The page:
My actual time for the Run for Hungry Children has posted - 23:53.6. It seems wrong, based on my watch and all, but such is the official time. It is close enough to realize the challenge.
42nd of 128 runners
10th of 18 in age group
34th of 73 males
42 - Anthony Trendl - M - 40-49 - 180 - 23:53.6
Much room to improve. Can I drop 3:53.6 this summer?
I have not been shy about my intentions. I want to race under 20:00 for a 5K. Did it a lot when I was a kid, so why not now? Stay healthy, train consistently, race smart, and I expect my time to drop. That said, I ran hard all last year and was two minutes off.
Changes this year include running Jim's daily workouts. His guesses are better than my most thorough decision. And, he does not guess. Also, I have last year's fitness, and lessons learned behind me. There are new lessons, but that's the edge on last year.
Coming up is June 7's Run for the Animals. Last year, I ran a 25:12. No longer worried about hitting that, but I do wonder how much I can improve between now and then. Jim's got me down for what I estimate to be around 90 miles. Last year, I had run 35 miles from May 18-June 1. I have an extra week this year.
It is too early to have a firm goal for June 7. Today, looking at my progress, future training, the course itself (presuming it is the same), something in the low 22s seems possible. Breaking into the high 21s would not surprise me. With three weeks to race time, with 90 miles of running, a serious break-through is possible.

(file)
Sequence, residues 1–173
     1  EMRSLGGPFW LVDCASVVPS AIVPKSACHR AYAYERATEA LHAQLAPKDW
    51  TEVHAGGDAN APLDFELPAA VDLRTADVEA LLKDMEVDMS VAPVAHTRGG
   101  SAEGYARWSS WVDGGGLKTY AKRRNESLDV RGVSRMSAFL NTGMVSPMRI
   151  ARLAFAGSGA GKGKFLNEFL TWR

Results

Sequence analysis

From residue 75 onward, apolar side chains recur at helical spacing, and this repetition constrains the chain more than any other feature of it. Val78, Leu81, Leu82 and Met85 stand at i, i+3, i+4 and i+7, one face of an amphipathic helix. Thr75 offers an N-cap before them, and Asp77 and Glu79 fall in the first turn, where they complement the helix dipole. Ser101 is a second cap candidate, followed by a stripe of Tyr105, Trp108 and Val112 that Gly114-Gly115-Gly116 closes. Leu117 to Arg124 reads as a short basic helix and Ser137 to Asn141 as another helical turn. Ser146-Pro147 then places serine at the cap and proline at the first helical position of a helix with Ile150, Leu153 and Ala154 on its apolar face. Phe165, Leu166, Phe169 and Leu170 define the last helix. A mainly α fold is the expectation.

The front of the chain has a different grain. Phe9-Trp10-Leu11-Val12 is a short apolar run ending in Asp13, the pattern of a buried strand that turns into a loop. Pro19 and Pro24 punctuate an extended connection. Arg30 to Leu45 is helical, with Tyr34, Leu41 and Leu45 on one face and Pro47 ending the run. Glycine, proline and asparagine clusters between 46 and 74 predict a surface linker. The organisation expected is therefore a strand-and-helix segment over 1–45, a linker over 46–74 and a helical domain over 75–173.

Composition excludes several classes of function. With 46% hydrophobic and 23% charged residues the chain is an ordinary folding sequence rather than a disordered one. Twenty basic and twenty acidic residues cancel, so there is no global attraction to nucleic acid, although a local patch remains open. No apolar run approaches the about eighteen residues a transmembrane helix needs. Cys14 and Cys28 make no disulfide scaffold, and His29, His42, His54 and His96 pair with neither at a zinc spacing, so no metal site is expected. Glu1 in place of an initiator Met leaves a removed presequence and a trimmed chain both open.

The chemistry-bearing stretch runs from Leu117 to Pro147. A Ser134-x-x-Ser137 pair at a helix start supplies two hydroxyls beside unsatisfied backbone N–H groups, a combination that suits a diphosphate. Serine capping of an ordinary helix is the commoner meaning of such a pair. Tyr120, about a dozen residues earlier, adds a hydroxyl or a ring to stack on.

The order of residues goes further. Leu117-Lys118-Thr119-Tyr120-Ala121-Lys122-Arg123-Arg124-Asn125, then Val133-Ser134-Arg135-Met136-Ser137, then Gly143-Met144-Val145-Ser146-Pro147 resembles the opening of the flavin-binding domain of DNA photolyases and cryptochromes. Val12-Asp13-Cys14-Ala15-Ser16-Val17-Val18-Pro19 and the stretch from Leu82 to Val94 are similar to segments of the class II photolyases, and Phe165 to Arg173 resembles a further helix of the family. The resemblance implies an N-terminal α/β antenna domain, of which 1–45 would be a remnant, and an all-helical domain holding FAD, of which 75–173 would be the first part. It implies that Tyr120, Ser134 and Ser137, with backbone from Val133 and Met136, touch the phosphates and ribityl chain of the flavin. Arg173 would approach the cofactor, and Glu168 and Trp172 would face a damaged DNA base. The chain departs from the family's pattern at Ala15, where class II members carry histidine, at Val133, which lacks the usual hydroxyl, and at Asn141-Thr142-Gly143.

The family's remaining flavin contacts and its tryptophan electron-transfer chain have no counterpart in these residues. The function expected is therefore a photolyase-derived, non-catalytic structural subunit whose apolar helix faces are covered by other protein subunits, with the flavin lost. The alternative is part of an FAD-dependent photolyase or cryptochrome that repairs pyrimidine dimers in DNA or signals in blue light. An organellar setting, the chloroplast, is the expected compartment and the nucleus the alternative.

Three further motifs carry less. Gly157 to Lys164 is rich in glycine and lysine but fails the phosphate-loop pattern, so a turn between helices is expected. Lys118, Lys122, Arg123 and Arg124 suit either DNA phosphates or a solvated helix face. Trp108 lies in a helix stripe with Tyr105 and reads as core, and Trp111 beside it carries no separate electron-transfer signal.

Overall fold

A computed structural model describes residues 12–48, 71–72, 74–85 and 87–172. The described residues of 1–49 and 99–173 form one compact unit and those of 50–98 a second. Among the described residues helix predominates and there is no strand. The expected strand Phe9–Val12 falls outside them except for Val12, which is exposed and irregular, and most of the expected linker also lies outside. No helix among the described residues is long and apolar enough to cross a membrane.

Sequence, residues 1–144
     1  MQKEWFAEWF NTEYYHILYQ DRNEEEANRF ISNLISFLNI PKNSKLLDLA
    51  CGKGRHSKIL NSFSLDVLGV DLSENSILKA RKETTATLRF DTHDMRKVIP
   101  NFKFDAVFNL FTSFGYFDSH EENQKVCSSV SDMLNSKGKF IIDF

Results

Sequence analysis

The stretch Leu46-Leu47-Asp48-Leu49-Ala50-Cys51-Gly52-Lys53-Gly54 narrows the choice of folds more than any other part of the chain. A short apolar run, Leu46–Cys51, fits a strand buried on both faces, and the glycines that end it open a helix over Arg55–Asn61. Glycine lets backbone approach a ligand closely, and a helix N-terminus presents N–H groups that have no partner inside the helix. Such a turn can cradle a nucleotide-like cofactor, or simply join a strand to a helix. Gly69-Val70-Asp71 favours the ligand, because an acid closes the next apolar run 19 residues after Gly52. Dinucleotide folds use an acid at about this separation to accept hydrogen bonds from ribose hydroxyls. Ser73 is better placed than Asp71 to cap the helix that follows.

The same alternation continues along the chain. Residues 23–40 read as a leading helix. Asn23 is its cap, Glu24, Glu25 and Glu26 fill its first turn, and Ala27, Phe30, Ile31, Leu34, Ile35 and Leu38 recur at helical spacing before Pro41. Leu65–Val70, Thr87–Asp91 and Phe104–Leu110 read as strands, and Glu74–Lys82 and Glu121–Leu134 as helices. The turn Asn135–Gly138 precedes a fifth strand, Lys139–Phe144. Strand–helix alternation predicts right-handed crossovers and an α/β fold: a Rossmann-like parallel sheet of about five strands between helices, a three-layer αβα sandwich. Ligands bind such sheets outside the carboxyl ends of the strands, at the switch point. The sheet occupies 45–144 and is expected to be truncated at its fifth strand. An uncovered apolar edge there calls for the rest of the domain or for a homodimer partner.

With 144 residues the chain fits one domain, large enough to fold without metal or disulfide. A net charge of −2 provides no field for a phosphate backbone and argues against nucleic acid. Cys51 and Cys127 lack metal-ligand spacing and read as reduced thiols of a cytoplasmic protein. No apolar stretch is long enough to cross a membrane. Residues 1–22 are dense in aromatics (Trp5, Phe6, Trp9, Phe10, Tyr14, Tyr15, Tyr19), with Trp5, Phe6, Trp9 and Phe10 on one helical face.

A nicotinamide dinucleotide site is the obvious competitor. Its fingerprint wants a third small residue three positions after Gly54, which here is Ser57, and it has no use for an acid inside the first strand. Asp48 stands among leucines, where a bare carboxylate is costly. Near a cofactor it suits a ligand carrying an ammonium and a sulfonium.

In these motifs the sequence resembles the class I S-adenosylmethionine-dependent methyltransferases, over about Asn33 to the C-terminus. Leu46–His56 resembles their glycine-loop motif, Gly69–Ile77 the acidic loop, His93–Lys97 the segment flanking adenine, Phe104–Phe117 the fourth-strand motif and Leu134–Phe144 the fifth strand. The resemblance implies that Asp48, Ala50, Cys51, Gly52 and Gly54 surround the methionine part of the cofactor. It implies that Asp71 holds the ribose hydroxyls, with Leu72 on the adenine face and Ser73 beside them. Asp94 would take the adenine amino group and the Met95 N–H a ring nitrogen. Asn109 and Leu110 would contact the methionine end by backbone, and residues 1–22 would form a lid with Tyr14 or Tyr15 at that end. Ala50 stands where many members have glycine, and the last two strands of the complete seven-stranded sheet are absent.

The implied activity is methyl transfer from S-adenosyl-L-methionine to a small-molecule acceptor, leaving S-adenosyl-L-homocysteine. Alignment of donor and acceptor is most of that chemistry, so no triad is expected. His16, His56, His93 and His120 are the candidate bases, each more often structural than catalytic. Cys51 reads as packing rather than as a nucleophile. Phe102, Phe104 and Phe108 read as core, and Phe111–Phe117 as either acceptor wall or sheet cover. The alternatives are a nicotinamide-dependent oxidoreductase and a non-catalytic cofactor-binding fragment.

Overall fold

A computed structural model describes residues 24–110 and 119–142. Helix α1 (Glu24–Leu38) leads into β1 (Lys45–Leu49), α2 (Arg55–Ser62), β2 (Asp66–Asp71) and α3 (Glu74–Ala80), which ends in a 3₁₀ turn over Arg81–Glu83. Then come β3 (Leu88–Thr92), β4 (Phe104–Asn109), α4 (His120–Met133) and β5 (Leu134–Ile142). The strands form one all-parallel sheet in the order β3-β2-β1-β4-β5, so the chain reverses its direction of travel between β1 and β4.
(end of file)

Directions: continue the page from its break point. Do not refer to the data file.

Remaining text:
There's no "If I think positive thoughts" hooey here. While I do not fully understand why 20:00 is hard to do, it is a challenge that has hurdles. I'm 41. I have weight to lose. I have a life outside of running that remains more important than any 5K.
Though the positivism nonsense is not my modus operandi, I am optimistic. The elements needed are in place: good coach, plenty of drive, fitness level still improving, and a pair of snazzy new shoes. If I miss my mark, it will not be because I didn't try, or have what I needed to succeed. In the end, that's enough. There's plenty of honor knowing I gave it a shot.